Over the past decade, a few urban superintendents have compiled uncommon records for longevity and accomplishment. With tenures of from five to 10 years and more, these intrepid schools chiefs have run largely minority and poor districts where test scores have risen, graduation rates have increased, and the number of students going on to college has climbed.
The list includes familiar names such as Boston’s former superintendent Thomas W. Payzant (11 years); Carl Cohn of the Long Beach, Calif., school district (10 years); New York City’s Joel I. Klein (since 2002); and Laura Schwalm of California’s Garden Grove Unified School District (since 1999). All of these leaders have made headlines and collected national prizes. But there are others who may not have won high-profile awards or attracted national media attention, but have presided over striking achievement gains in their districts. They include, among others, Pascal D. Forgione Jr. in Austin, Texas (since 1999), and Carol Johnson, who served for six years in Minneapolis before leaving to become the superintendent in Memphis, Tenn.
To be sure, these long-serving district chiefs were beset with problems that went unsolved and criticism that stung. But all of them remained quietly, steadily effective—more like long-distance runners than flashy sprinters. Collectively, they defy the dominant image of the field’s “turnstile superintendency.”
How to explain these apparent exceptions to the rule of short-tenured urban schools chiefs? I offer three different storylines that may help explain.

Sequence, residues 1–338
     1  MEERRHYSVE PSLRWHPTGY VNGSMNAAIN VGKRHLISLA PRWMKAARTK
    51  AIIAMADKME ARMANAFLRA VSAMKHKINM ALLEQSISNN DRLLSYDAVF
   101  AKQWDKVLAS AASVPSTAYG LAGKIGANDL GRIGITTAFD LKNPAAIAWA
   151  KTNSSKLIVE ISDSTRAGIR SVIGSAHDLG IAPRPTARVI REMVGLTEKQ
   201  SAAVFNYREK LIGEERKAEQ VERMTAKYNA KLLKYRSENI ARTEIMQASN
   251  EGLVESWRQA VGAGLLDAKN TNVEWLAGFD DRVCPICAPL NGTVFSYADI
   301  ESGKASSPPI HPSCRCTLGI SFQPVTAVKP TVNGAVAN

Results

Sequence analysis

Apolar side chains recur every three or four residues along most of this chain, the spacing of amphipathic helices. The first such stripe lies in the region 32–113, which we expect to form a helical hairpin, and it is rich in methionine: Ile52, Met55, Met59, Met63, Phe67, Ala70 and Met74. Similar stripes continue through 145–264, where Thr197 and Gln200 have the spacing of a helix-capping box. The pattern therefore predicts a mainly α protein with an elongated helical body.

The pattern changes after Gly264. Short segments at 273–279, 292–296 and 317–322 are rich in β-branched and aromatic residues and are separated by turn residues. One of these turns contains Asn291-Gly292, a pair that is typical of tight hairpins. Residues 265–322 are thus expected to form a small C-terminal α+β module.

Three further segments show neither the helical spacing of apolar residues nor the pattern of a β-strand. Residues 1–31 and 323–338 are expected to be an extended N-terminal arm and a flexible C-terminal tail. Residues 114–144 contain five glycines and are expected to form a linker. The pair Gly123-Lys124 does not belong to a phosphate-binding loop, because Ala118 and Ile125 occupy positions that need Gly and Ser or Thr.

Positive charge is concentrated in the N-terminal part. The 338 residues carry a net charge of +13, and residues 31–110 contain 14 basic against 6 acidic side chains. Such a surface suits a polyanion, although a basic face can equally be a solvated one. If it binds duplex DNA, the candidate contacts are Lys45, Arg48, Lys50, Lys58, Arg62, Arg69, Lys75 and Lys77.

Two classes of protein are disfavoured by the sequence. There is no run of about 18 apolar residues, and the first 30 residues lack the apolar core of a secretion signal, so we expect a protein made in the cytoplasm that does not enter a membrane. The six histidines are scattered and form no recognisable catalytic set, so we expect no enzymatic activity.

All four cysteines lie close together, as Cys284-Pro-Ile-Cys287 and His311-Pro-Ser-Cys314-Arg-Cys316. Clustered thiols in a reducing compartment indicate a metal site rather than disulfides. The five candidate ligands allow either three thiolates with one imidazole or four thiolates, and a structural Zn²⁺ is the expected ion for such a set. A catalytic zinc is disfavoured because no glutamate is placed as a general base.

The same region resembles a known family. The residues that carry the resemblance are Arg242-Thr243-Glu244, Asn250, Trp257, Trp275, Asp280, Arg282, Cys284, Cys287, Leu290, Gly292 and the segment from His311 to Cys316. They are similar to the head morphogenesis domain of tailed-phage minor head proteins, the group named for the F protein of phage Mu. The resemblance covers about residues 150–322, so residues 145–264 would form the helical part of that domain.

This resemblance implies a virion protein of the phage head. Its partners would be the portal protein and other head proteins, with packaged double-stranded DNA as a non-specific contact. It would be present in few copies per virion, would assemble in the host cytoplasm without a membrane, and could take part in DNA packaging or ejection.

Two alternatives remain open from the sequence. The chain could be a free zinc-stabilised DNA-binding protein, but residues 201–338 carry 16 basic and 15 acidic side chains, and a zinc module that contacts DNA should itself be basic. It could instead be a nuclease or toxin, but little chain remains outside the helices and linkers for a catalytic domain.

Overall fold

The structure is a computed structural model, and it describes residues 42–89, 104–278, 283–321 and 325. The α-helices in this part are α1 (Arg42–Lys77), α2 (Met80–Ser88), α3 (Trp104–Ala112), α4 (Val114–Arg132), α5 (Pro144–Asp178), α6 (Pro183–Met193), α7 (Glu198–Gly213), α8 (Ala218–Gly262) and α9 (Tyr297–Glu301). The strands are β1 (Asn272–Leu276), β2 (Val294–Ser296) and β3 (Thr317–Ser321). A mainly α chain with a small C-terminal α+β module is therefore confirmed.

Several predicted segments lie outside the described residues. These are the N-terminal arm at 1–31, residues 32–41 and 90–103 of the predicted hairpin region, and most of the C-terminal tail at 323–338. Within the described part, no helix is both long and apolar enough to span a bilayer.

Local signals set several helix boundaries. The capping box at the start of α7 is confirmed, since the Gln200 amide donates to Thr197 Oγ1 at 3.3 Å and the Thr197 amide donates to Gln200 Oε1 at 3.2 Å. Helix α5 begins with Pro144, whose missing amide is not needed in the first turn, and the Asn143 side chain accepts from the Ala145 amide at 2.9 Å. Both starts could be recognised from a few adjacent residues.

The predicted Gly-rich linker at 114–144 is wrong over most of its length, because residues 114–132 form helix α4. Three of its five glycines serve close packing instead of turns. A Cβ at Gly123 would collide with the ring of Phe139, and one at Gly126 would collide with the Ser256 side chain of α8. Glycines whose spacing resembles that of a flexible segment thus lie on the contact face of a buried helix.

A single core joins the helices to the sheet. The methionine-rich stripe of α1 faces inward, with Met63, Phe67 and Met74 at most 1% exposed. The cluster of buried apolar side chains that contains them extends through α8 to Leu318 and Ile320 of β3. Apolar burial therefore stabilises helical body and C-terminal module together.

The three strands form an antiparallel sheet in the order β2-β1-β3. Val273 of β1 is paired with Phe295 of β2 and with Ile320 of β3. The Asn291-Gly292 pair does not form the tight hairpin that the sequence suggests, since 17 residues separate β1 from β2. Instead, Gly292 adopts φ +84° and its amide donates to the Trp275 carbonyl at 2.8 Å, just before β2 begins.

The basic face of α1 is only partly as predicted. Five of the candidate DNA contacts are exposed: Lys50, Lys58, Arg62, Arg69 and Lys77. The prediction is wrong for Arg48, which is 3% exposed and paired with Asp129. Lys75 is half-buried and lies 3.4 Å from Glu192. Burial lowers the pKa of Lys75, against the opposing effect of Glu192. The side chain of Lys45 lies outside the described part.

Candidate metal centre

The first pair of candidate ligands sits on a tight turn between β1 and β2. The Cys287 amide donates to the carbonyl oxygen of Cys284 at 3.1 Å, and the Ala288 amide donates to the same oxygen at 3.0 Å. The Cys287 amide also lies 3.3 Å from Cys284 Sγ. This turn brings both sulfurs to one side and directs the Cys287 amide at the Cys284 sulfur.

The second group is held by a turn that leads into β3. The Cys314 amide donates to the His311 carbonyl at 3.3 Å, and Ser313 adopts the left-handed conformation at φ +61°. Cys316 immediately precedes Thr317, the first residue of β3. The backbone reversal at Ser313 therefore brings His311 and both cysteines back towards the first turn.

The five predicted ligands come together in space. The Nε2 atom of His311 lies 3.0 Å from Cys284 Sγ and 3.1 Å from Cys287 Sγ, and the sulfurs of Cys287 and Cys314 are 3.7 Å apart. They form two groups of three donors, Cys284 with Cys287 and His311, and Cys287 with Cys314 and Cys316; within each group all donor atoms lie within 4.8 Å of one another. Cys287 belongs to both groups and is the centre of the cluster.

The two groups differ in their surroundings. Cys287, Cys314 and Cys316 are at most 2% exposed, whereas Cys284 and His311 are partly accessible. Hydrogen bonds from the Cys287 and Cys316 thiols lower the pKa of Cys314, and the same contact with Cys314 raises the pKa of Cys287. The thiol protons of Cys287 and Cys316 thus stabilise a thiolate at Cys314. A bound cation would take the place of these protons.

The Superintendent as Superman or Wonder Woman
These schools chiefs are extraordinary individuals. They have revived districts that were nearly terminal cases due to chronically low student performance, bureaucratic resistance to change, and managerial incompetence. They persuaded their respective mayors or boards of education to install new systems of parental choice and instructional support for teachers and principals, to refocus bureaucracies on improving teaching and learning, and to redesign large comprehensive high schools into small learning communities. And test scores have risen.
The urban districts they lead, once graveyards for superintendents, have become magnets attracting the best and the brightest among young professionals who want to be part of the Herculean effort to reclaim children and youths from the despair of living stunted lives.
By sheer force of individual will, together with political smarts and enormous expenditures of energy, these superintendents have ignored the conventional wisdom and succeeded. They are, as I say, remarkable individuals.
Matching the Person, Place, and Time
The key to success in many superintendencies comes down to being in the right place at the right time. After the state of New York gave New York City Mayor Michael R. Bloomberg the authority to take over that city’s public schools, he appointed Joel I. Klein the system’s chancellor in 2002. Klein is still chancellor—the longest tenure of a New York City schools chief since the post was created in the early 1970s. Bloomberg’s predecessor, former Mayor Rudolph W. Giuliani, had sought to control the schools in the 1990s without authority from the state. He and his supporters engineered the appointment and departure of two schools chancellors—Ramon C. Cortines and Rudolph F. Crew—in less than seven years.
If timing is crucial, so is context. Each of the chancellors Mayor Giuliani wanted in the top job had been hailed as a hero in his previous urban district. But in each case, the mayor became convinced that the schools chief didn’t fit him or the city.
Or consider Carl Cohn, who shepherded the Long Beach district through a decade of changes yielding strong gains in student achievement—a record sufficient to win the Broad award for urban district excellence. Cohn retired from Long Beach in 2002.
Then, in 2005, he was hired by the San Diego Unified school board to heal that district’s wounds of battle after six years of struggle and the forced exit of Superintendent Alan D. Bersin. But in December of 2007, barely two years into his tenure, Cohn left San Diego. His 40 years of urban school experience and extraordinary work in Long Beach could not find traction in San Diego.